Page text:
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According to wikipedia, grade inflation is the tendency of academic grades for work of comparable quality to increase over time. That article also includes plenty of evidence for the phenomenon and lists some potential causes. Has this issue been studied using game theory? What game-theoretic models of the educational grading process exist that could shed some light on the forces behind this phenomenon?

1 Answer 1

As a college professor, I can tell you that student evaluations are a major cause of grade inflation. College administrations use student evaluations of professors as a major determinant in promotions, assigning classes, tenure, any form of recognition.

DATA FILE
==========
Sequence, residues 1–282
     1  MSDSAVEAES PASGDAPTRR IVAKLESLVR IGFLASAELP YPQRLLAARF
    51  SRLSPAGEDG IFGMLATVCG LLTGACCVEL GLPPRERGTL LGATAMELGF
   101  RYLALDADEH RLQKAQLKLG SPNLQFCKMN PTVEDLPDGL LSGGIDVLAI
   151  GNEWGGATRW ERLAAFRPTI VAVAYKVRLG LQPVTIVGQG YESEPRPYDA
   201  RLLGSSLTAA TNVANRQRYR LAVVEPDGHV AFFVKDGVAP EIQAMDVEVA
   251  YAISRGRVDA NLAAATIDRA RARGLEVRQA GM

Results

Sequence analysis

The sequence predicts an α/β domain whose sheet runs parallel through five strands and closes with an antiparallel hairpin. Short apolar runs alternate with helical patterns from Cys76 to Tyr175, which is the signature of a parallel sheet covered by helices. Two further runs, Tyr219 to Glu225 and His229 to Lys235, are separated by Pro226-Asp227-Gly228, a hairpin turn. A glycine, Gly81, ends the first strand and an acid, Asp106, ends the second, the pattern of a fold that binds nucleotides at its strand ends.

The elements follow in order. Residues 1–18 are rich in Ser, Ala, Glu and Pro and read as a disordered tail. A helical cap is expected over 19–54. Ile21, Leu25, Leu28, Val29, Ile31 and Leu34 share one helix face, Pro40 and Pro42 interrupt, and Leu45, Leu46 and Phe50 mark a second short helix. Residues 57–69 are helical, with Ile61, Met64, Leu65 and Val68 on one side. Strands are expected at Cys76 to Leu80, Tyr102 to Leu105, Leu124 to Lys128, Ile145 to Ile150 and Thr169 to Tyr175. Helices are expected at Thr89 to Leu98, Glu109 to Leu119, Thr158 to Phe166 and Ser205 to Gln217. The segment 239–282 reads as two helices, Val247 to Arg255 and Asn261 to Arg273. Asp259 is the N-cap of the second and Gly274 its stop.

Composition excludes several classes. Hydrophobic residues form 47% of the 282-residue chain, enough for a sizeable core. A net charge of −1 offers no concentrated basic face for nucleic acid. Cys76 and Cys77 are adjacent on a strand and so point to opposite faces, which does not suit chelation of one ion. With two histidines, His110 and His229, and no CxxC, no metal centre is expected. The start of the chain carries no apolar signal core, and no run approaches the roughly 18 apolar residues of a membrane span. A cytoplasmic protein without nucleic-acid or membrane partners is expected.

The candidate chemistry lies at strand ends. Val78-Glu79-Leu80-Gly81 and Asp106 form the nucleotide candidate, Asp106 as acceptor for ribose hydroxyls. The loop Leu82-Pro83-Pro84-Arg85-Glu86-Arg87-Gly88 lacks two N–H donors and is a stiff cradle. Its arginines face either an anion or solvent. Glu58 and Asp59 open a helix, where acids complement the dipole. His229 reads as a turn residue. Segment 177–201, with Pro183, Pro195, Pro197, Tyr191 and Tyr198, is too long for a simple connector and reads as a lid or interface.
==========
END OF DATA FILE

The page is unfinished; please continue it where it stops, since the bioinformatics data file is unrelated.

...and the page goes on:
From the professor's perspective, if you start to get too many bad evaluations, your career is in jeopardy. So, why not go with the flow? Call a C an A- and everyone is happy. Of course, the integrity of the educational system is destroyed in the process.

From the standpoint of the university administration, who wants the hassle of dealing with student complaints? The way to get ahead is to grow your program and generate income. This is especially true of MBA programs that are generally funded not by students, but by their employers. One way to compete with other MBA programs is to make the grading easy, but universities also make the degree programs shorter and the experience more entertaining .